Updated: Oct 6, 2019
There is nothing quite like the time of year where the nights start to get a little cooler and the morning brings yellow buses and slightly rushed breakfasts. The start of school seems to mark a shift in the air that wipes clean the slate of the last school year and offers new opportunities to connect with teachers and fellow students. While many parents feel the relief of getting their kids back to the structure and routine of school, parents raising a child with a social, emotional, behavioral or mental health difficulties often feel anxious. Worries about whether or not their child's new teacher is equipped to give their child the kind of attention and accommodations they need, how their child will do socially, especially if a new school is involved, and how their child will cope with new stressors flood the heads of these parents. We at PA Parent and Family Alliance sat down with some of these concerned parents to gain some insights on how they prepare their children for the new school year, and what they want teachers to know about teaching a child with a social, emotional, behavioral or mental health difficulties.
Preparing your child with a social, emotional, behavioral or mental health difficulty for school takes patience and some planning. One mother told us that she starts the beginning of every school year by sitting down and talking with her children. "I check in with them and spend time making sure they know that they have the support they need whenever they want to just reach out and grab it." This mother has a daughter who is transitioning into the ever so daunting world of high school and she said her biggest tip for a parent who is anxious about the start of school is to keep communication open and show your child that you are someone they can always turn to when things get overwhelming for them.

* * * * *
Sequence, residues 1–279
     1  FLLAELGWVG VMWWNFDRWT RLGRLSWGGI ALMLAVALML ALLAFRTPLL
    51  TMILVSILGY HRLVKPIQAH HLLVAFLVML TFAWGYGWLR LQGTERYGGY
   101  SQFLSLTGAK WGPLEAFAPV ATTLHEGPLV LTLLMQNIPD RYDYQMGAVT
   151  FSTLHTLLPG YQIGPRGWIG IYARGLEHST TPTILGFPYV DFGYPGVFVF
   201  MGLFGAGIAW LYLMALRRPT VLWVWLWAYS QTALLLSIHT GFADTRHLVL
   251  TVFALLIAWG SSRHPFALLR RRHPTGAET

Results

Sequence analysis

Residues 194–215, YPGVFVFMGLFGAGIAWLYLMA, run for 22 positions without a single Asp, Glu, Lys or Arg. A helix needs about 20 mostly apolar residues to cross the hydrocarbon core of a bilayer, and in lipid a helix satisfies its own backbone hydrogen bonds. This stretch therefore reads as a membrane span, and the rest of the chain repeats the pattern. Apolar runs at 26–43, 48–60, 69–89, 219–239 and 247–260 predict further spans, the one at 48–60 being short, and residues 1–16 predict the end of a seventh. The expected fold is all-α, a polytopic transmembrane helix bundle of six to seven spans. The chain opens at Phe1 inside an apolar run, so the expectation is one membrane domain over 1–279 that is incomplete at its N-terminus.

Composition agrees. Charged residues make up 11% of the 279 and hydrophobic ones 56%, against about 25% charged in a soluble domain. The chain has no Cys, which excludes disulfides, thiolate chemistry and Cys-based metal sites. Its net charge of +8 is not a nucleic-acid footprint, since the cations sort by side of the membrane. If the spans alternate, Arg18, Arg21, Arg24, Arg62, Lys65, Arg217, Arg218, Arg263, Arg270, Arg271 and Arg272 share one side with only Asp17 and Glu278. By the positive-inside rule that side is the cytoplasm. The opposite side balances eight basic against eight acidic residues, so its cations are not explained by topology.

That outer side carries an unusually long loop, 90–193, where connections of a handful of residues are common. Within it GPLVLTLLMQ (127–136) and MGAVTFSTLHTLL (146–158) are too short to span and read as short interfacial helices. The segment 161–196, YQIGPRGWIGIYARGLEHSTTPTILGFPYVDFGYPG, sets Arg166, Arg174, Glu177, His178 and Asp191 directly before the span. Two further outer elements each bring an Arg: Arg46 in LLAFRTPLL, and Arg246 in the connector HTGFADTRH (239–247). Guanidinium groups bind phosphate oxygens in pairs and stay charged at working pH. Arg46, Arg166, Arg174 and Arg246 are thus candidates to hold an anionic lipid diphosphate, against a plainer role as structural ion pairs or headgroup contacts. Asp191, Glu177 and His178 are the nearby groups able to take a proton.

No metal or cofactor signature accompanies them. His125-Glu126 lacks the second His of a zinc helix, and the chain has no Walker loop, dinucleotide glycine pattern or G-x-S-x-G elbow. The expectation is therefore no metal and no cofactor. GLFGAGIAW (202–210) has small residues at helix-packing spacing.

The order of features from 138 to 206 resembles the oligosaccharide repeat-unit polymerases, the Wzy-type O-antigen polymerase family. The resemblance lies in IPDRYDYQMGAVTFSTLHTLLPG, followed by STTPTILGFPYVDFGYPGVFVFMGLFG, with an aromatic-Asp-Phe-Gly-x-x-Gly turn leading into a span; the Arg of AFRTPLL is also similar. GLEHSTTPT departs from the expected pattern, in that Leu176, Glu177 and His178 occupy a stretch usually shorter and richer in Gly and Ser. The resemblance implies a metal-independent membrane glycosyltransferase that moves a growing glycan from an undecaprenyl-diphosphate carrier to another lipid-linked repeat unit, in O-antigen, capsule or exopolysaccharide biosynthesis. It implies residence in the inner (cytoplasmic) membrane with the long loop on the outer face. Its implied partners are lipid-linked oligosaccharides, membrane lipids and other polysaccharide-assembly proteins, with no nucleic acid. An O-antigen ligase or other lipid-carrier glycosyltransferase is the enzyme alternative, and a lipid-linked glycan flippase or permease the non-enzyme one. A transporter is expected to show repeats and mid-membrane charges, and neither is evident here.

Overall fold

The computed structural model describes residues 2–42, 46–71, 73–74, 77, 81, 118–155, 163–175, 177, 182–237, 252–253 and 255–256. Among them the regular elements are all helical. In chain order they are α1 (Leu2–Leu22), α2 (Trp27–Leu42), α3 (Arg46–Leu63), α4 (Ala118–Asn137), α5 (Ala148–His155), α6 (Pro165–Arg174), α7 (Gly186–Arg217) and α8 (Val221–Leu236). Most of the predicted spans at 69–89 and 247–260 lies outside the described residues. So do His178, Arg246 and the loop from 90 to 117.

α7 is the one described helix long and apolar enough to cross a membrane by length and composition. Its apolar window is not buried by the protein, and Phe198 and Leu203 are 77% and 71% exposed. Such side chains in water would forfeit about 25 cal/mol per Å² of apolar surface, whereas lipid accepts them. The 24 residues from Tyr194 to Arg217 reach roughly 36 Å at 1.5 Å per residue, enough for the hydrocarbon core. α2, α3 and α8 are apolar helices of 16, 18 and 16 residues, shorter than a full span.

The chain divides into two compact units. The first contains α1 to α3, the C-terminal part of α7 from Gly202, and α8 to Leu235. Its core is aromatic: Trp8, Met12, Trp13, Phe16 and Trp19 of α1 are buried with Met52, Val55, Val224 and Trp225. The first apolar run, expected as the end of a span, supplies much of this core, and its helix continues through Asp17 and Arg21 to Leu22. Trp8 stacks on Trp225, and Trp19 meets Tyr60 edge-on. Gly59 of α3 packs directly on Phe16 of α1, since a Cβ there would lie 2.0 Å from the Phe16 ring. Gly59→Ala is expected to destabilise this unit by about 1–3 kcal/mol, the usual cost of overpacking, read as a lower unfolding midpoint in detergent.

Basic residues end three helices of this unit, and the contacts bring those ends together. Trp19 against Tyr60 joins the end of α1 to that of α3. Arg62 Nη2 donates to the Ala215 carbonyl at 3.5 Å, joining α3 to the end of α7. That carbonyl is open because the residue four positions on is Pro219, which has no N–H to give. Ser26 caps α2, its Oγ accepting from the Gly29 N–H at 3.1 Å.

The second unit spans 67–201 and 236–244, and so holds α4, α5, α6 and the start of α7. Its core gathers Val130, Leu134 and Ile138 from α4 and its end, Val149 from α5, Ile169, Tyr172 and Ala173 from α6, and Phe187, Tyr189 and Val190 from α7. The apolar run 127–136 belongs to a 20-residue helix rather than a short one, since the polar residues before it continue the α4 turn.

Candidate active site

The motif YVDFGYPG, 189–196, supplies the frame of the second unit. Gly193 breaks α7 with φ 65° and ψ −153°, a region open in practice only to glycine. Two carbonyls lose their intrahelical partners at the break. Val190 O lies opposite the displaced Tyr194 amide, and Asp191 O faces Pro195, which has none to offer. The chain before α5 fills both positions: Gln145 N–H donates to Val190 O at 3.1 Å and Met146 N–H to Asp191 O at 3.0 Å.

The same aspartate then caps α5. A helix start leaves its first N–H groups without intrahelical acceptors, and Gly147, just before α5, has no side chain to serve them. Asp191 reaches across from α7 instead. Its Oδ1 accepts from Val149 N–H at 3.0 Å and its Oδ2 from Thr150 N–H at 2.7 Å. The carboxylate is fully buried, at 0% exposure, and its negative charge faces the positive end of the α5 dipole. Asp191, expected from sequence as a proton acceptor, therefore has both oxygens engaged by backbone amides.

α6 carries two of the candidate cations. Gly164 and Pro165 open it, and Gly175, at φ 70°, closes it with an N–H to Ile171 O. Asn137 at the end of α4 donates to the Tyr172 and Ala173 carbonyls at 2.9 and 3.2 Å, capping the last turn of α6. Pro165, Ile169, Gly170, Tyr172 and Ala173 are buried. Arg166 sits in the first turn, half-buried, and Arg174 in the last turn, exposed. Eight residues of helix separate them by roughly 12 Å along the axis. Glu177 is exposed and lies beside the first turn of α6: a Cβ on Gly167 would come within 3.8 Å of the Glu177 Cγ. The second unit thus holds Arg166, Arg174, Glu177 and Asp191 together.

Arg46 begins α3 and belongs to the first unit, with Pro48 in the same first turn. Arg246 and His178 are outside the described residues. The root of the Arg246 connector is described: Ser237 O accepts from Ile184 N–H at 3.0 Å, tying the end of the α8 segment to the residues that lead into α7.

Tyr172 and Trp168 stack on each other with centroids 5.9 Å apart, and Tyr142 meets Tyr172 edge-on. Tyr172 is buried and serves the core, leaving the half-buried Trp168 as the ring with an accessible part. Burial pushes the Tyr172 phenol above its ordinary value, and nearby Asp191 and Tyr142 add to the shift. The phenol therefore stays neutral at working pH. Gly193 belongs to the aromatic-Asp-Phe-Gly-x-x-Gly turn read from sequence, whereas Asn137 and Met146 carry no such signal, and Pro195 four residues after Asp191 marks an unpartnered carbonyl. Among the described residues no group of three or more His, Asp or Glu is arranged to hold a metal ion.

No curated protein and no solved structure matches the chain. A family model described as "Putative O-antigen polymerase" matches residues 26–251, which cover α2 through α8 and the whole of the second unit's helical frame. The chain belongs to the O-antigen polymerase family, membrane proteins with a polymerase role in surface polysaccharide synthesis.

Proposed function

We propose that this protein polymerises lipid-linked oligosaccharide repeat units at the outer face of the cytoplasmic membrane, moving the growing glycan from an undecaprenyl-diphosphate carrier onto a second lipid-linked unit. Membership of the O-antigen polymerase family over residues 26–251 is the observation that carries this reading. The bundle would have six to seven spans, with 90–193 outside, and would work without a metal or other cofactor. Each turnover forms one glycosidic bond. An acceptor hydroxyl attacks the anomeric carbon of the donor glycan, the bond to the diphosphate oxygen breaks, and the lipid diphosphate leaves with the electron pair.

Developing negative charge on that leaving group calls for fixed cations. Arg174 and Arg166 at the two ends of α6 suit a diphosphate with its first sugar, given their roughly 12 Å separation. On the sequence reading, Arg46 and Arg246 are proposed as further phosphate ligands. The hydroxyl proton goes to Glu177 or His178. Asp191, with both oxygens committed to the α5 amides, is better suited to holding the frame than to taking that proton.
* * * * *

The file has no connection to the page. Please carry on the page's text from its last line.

Another mother utilizes this idea of open communication but also likes to get the school involved in the conversation before the year even gets started. "Develop a good support system for your children ahead of time. Do a tour with the team so your child knows if they are anxious there are people to turn to, rather than hiding in the bathroom alone." This mother realizes that she cannot always be there during the school day and says that giving her child access to a safety net when they are at school gives both herself and her child some peace of mind.
Her second tip is to get her children ready and used to the transition in routine. "I like to allow them time to get their minds and bodies used to the difference of schedules and wake up times." She shared that the week before school begins she wakes her children up at the time she will have to for school and gets them used to an increase in structure. This allows them to ease into the change and it helps to eliminate exhaustion as a stressor for the anxiety associated with a new school year. Above all she was in agreement with others that open communication is step one in preparing your child for a new school year. "Let them know you are there for them and they can discuss any and every problem that faces them with this new transition.".